Eating for exercise
A natural impulse after a big run is to prepare a large “guilt free” meal. The common and natural belief is “I went for a long run today so I can have pizza and icecream and it won’t matter”. Unfortunately this is not the case and this thinking can lead to weight gain.
The actual amount of food burnt off after one exercise session is overestimated. Cycling at a moderate intensity for 1 hour burns off approximately 1380 kilojoules or, put in take away terms, less than half a burger with cheese.
The amount of energy each individual requires in order to maintain their current weight is calculated using a number of variables unique to each person. The age, sex, weight and height is used to determine the amount of energy they require without taking into consideration any physical activity. This is called the resting energy expenditure (REE). This value is then multiplied by the physical activity level (PAL) score for the individual. The PAL score is dependent on lifestyle. A person who has a very sedentary lifestyle or light activity lifestyle will have a low PAL whereas those who regularly engage in strenuous activity will have a large PAL. The higher the PAL, the more energy will be required to maintain current weight. Going for a one-off run or swim will not change the PAL score and therefore will make a negligible difference to the energy required from foods. However, changing lifestyle behaviours from never exercising to regularly engaging in moderate to intense exercise will increase the energy “allowance” over time. Keep in mind that this greater energy allowance is not a gateway to junk food but rather a very slight increase in energy requirements that may be filled with one serve of carbohydrates (2 slices of bread) or less!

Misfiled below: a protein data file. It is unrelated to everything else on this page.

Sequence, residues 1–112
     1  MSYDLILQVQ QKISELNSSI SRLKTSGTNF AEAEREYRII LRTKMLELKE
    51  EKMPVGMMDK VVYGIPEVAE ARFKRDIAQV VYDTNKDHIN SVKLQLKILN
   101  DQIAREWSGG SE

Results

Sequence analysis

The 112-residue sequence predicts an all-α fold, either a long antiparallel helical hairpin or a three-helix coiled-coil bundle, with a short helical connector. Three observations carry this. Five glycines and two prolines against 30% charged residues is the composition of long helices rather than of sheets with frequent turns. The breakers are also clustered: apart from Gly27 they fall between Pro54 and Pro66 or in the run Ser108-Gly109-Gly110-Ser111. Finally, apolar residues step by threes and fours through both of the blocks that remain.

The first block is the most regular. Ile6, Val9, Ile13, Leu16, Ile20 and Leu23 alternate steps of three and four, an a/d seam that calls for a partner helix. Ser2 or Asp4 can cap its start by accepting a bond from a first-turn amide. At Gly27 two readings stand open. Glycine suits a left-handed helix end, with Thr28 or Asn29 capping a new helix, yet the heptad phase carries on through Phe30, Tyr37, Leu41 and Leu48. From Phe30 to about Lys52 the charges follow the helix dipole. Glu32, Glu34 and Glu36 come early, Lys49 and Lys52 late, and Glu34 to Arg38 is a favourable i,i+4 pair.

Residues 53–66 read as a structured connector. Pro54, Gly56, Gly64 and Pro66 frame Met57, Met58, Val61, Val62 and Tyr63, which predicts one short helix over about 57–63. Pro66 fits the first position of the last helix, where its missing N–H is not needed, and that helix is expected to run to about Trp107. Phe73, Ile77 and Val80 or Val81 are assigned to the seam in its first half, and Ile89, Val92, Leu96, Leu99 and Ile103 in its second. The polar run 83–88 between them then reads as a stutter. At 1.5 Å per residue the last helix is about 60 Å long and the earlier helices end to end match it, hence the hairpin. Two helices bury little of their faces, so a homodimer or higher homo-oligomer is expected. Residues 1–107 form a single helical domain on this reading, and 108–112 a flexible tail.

More information on Energy Expenditure.
Exercise and physical activity in the elderly
As we age, the level of physical activity we engage in will naturally reduce, especially in women. Much of this has to do with the natural aging process and physical limitations. However, people tend to slow down more than necessary and this is due to health beliefs.
Attitudes toward exercise in older people are highly influenced by their self-identified fatigue and physical stressors such as muscle soreness and joint ache. Older people will avoid exercise for these reasons. However, what needs to be remembered is that physical activity does not need to be achieved through bouts of intentional exercise such as going for a walk or a swim. Often for the elderly a slight change in routine and lifestyle to incorporate more physical activity will have significant health benefits. For example, parking a bit further away from the shopping centre or using a shopping basket instead of a trolley for small shopping trips.
This is not to say engaging in intentional exercise will not have tremendous health benefits. Often the older people get, the more they enjoy the social aspect of exercising. Walking in the park with friends, water aerobics and lawn bowls can be fun. Social activities can take away the “effort” of exercise. In fact, older people who exercise regularly are encouraged more by the social side of exercise rather than the health benefits with many people reporting wanting to feel happy, see friends and engage in social contact rather than prevent osteoporosis or losing weight. These ideas can be incorporated into physical activity programs for older people.
More information on Weights Training in Older People.
|For more information on fitness and exercise, including stretches, types of exercise, exercise recovery and exercise with health conditions, as well as some useful videos, see Fitness|